Thursday, 29 March 2012

Leaning on a Lampost

In his report of the Mochrum Hill walk, the scribe forgot to mention that as Johnny was reversing his car at Rex's place, a lamp post jumped out behind him and assaulted his car. Davie C, our new songwriter-in-chief, has composed an epic to commemorate this event. This is the song as performed by wee Davie at the Glasgow Royal Concert Hall before our cultural visit, with, of course, apologies to George Formby.

I'm leaning on a lamp post in the centre of the street,
Until a certain dirty Volvo goes by.
Oh me, oh my, I hope that dirty Volvo goes by.
I think I know who's driving it, I'm certain that he's driving it,
It's Johnny with his one good driving eye.
Oh me, oh my, I hope that he will keep passing by.
He says cleaning shows up the scratches, the paint jobs and all the patches.
He don't care that none of it matches, cleaning it would be too far,
It's only a f****** car.
He's absolutely adamant, positively truculent, and anyone can understand why,
I'm leaning on a lamp post at the centre of the street
Until a certain dirty Volvo goes by.

Hee, hee. It's turned out nice again.

Following his overwhelming success at the Glasgow Concert Hall, Davie is keeping the venue of his next concert a secret in case he is mobbed by all his fan.

North West Highlands - March 2012

Stoer Lighthouse

Stoer Point

Suilven and Cuilmor

View from top of Sidhean Mor

Fionn Loch and Suilven

Fife Coastal Path

Some photos to tempt you to easy walking along the Fife Coastal Path between Leven and Crail.
leavin' Leven

railway section after Lower Largo
St Monan's

finish the walk with a yummy fish supper



Caiplie Caves near Crail

Cellardyke harbour

only high bit approaching Earlsferry

Crail harbour
See also

Wednesday, 28 March 2012

Val Thorens March 2012

Here are a few pictures to let you see some of the conditions in Val Thorens this year. The Cime Carron lift drops you at 3200 metres.

Tuesday, 27 March 2012

21 March Mochrum Hill, Culzean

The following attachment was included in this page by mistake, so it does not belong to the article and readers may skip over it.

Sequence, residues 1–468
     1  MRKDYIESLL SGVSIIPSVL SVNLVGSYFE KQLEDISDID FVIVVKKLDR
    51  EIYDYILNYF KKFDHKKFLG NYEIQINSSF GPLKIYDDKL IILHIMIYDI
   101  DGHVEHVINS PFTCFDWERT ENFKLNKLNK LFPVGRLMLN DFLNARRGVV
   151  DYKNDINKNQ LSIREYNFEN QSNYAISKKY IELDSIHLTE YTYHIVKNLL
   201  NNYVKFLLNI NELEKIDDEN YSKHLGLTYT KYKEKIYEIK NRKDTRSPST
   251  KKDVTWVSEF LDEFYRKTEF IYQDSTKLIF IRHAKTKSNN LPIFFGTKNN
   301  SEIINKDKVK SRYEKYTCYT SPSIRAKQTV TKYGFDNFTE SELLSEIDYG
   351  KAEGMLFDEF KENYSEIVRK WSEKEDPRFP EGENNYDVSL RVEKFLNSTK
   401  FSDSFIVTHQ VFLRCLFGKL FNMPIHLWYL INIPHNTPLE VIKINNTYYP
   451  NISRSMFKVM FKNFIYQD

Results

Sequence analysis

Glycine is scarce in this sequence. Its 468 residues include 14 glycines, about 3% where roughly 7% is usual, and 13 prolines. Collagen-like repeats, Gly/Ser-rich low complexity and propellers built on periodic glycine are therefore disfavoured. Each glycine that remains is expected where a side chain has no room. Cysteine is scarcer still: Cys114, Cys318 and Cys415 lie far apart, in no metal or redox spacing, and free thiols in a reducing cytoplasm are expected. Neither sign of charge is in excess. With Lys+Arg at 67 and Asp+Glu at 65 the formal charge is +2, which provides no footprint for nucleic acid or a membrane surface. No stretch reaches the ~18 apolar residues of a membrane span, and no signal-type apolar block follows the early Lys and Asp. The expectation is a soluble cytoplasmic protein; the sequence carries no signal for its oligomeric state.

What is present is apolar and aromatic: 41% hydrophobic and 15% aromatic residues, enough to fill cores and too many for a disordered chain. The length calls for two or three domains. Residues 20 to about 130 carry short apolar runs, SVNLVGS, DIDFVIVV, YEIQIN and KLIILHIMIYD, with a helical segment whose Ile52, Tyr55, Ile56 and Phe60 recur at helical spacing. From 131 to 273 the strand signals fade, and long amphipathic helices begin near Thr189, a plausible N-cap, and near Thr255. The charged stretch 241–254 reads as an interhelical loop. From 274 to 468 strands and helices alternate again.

Allan, Davie C, Ian, Jimmy, Johnny, Malcolm, Rex & Ronnie
It’s always a good idea to see what other walking groups have been doing. This is what Alan was doing when he came across a report from the Ayrshire Ramblers in one of the local papers. They had an excellent day on Mochrum Hill just above Culzean and left a route plan with their report, a route that Alan presented to us last week. As this was new ground to all of us, his suggestion was readily accepted.
Due to holidays and other things, it was a depleted band of Ooters that gathered in Rex’s; even Alan with his route plan was missing. Still the eight who turned up motored to maidens where we were sure the route started. And Ian had a map so we had a fair idea of where we were going.
The morning was bright with the promise of sunshine later but a cool breeze blew off the sea to remind us just how early in the year it was. This breeze was on our backs though, and proved no great discomfort as we set off north-eastward along the Ardlochan Road of Maidens.
The tarmac soon gave way to a farm service road, a road that would ultimately end at Kintarran farm at Morriston. But we would not reach Kintarran. Like all sensible farmers*, the one at Kintarran has put in paths through his land and it was along one of these paths that we now turned our footsteps, along the track of the old Turnberry railway. Even from this low vantage point the landscape was opening out for us. Below us lay Maidens and beyond this, Paddy’s Milestsane rose out of the firth. Arran looked particularly inviting. And the Ayrshire coast was becoming increasingly visible. But, then the old railway track ran into a cutting and the view was lost.
We stayed in that cutting, coming through a pleasantly wooded section, until a sign indicated the path turned off and back towards the sea. We didn’t turn off. We continued with the old track for Ian’s map indicated that we should, at least until we reached Kennels Bridge then we should come on to the main road for a bit. But we have amongst us those who abhor walking on main roads. Jimmy and Ian between them made the decision to stay with the old track for a while yet. We should know not to trust them. The track continued in the cutting, getting progressively wetter and muckier. And the muck got deeper. The leader’s ears were ringing with the comments from the rear. Eventually, approaching the Glenside Burn, we found the cutting to be filled in and a steep b ank, a steep slippery bank, blocking our way. This was scrambled up as best we could and we found ourselves twenty metres from the main road. And there was a track to take us there. This brought us out on the tarmac barely fifty metres from the Thomaston and Glenside service road, the road that would take us to the foot of Mochrum Hill.
Near Glenside Farm a forest road led through the trees. We took this and followed it to its end. Then a path, a trodden way rather than anything constructed, led us to the end of the plantation. Now we came on to the open hillside beside a straggly wood of weather-stunted birches, hazels and alders. And it was beside this open wood, on a spot that gave us a view southward over Girvan, Byne Hill and the Hadyard Hill wind farm that we settled down for coffee.